I think I’ve figured out what the it that my mom doesn’t get is. I think it refers to the truth of white heterosexual men that dominates everything. The truth that has always been labelled as ‘objective’. Not because it’s more correct (or more incorrect) than my truth or my mom’s truth or my sister’s truth, but because it’s the one that people who have historically been in positions of power have spoken. As a child, I thought my mom was objective because she spoke like she was. As a teenager, I thought her opinions were img_1294too strong because she’s articulate and has a tendency to use facts to back up her arguments (and that’s annoying when you’re fifteen and trying to argue). Now, I’ve started to notice how often and firmly I need to repeat my own opinions to be heard.

Neither my mom’s nor my opinions are objective, despite what seven-year-old me thought. But we live in a world where your ideas are subjective by default if you’re a woman and objective by default if you’re a man. So we’ve learned to speak loudly and clearly. Sometimes, we can trick seven-year-olds.

Just like my Facebook echo chamber told me prior to the election that there were probably only 4 people in the whole country voting for Trump, the echo chamber of the United States of America has historically told white heterosexual men that their truth is the only one out there. That’s a comfortable place to be, and an uncomfortable place to admit you are. In fact, as soon as you admit that you’re in it, you admit that other people’s truths matter, too. For me, that means trying to understand where Trump voters are coming from. For some heterosexual white men who hate being reduced to ‘just’ heterosexual white men, it means admitting everything they ever thought was True might actually just be an opinion.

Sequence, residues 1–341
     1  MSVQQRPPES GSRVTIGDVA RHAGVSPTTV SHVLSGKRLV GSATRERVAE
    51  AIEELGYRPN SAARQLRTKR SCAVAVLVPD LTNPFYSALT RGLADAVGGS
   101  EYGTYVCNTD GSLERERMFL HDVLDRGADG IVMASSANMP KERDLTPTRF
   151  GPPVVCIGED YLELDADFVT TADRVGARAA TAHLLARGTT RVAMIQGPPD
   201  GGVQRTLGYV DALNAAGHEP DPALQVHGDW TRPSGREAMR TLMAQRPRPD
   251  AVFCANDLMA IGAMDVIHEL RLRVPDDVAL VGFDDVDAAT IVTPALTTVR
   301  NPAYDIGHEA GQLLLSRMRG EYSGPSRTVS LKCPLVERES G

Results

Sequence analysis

As uncomfortable as it may be to embrace the heterosexual white male identity, it’s an identity that heterosexual white males need to embrace. You’re allowed to have other personality traits. Your white heterosexual male-ness doesn’t even need to be your main trait. But my patience is waning with those of you who continue to believe in objectivity just because the world is your echo chamber. If someone doesn’t get your “it”, you probably don’t get their’s, either. You’re allowed to disagree. You’re allowed to be angry. You’re allowed to feel confused. But you are not allowed to pretend your words represent Objective Truth. Because in the end, if I don’t get ‘it’, neither do you.

 

P.S. If you just read this and you’re a heterosexual white man (or other person) feeling offended, re-read it and notice that I’m just asking you to embrace and acknowledge your box, not accusing you (or your friends) of being an awful person.

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One thought on “What I Learned from Mom

  1. Have you been getting flack about your blog from folks? Must be hitting a nerve. We’re all in our own little body-shaped boxes, aren’t we? That’s the challenge of accepting even someone who you violently disagree with (maybe Trump?), because they are a filter of their own reality. The problem of facts vs opinion, truth versus reality. Putting yourself out there is risky. Good job!

    Hope your T-day was happy and you got to eat a lot! We miss you! aunt Kim

    Like